Invasive species, such as mosquitoes, rodents and even domestic cats, are expensive for humanity: about US $ 26.8 billion annually – reveals a study published on Wednesday (31), which warns that this amount will continue to increase.
These “exotic” species that humans have taken, voluntarily or not, from their original ecosystems create problems in their new habitats and tackling them has cost at least $ 1.28 trillion since 1970, according to this report published in the journal Nature, which analyzed thousands of data included in the public database InvaCost.
Plants, insects, birds, fish, molluscs, microorganisms, mammals … Man faces these invasive species, fighting against their proliferation, but, above all, against the damage they cause on land and sea surfaces.
These degradations affect all ecosystems: from the American forests attacked by the Asian longicorn to Australian agriculture, pressured by the rabbit. Without forgetting the infrastructures threatened by termites, the ducts blocked by the zebra mussel and even the real estate devaluation in Hawaii due to the coqui frog, whose singing can reach 100 decibels.
According to InvaCost data, incomplete, among the species that cause the most damage are rats, the hairy lizard, – a lepidopteran native to Asia that attacks trees throughout the northern hemisphere -, fire ants and, above all, all mosquitoes, due to the medical treatment required by the diseases transmitted by these insects.
The tiger mosquito originating in Southeast Asia, for example, is one of the worst invasive species in the world, having spread mainly across Europe, carrying chikungunya, dengue and zika.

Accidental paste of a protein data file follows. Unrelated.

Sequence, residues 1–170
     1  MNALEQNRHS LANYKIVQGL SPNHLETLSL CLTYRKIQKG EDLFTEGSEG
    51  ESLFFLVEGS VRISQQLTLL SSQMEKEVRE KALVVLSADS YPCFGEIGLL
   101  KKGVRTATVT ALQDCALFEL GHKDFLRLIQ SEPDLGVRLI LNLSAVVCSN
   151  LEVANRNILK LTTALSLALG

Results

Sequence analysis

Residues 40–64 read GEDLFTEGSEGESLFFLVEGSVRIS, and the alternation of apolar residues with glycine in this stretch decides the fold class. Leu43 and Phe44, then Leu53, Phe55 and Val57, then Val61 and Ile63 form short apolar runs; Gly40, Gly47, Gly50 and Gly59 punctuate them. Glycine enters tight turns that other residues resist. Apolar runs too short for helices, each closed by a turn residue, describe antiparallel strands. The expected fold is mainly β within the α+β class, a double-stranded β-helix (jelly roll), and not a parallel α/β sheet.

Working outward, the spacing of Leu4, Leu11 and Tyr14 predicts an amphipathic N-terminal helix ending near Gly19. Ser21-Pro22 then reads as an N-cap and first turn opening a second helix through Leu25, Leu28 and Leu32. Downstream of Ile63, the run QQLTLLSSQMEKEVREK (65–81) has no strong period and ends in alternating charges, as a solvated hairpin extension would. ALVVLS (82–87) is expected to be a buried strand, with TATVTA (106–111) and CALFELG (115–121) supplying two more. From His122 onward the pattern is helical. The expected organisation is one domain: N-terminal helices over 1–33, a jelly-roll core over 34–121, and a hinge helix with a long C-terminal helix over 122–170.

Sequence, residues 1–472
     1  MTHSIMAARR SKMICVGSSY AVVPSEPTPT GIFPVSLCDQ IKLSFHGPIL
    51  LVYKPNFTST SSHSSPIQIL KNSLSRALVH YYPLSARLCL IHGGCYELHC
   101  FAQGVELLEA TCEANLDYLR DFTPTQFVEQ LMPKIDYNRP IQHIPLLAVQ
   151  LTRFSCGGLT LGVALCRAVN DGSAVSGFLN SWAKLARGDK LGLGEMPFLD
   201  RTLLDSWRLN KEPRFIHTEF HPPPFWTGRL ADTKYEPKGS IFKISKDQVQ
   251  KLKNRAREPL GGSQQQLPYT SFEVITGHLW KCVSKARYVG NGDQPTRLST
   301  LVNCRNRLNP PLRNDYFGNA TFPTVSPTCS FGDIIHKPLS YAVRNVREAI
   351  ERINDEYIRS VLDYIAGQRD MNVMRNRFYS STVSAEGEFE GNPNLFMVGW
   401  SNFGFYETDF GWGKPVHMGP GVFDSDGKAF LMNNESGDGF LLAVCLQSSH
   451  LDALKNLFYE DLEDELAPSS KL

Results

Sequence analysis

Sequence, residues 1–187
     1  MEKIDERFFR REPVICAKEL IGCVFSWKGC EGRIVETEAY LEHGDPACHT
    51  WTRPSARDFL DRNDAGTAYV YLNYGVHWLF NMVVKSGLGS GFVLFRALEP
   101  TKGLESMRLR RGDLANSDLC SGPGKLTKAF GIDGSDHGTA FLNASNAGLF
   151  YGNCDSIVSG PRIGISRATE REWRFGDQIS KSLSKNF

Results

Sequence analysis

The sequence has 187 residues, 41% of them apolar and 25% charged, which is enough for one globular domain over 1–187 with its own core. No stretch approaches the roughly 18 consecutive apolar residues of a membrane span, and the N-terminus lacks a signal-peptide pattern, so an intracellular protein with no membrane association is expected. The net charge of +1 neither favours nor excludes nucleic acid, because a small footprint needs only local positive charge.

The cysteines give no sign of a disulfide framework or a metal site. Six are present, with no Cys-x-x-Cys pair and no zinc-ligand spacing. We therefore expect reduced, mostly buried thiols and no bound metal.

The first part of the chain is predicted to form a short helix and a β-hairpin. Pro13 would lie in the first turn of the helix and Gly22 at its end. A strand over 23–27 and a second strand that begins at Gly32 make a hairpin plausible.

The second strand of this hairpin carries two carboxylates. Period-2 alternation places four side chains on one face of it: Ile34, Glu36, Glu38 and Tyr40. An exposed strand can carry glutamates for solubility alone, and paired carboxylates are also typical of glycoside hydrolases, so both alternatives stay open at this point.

In addition to the “phenomenal” cost, “its constant growth is worrying, with an annual average that doubles every six years and triples every decade”, says the study’s main author, Christophe Diagne, from the French Ecologie laboratory, Systématique et Evolution.
– Exponential increase –
This increase is partly due to “an exponential increase in invasive species”, explains the director of the laboratory, Franck Courchamp.
Invasive alien species are among the top five causes of nature destruction, according to a 2019 report by the UN biodiversity experts (IPBES), which indicates a 70% increase in their number since 1970 in the 21 countries examined.
“International trade will cause more and more species to be introduced, and climate change will make these species more and more established” in the territories, adds Courchamp.
The study’s authors advocate preventive measures to limit its damage and costs. Among them is early detection.
In the meantime, they ask to complete the InvaCost database, with the most recent invasions, such as the cartridge caterpillar, from the American continent, which devastated African plantations before settling in Asia and Australia.
“This species is likely to be more expensive than the ten we have classified,” adds Courchamp.
Among those already mentioned, there is the domestic cat, which “accompanied the navigators when they explored the planet”.
Although it is a “particular” case, the cat is nonetheless an “invader on almost every island in the world”, according to Courchamp, who describes him as a fearsome predator of birds and reptiles.
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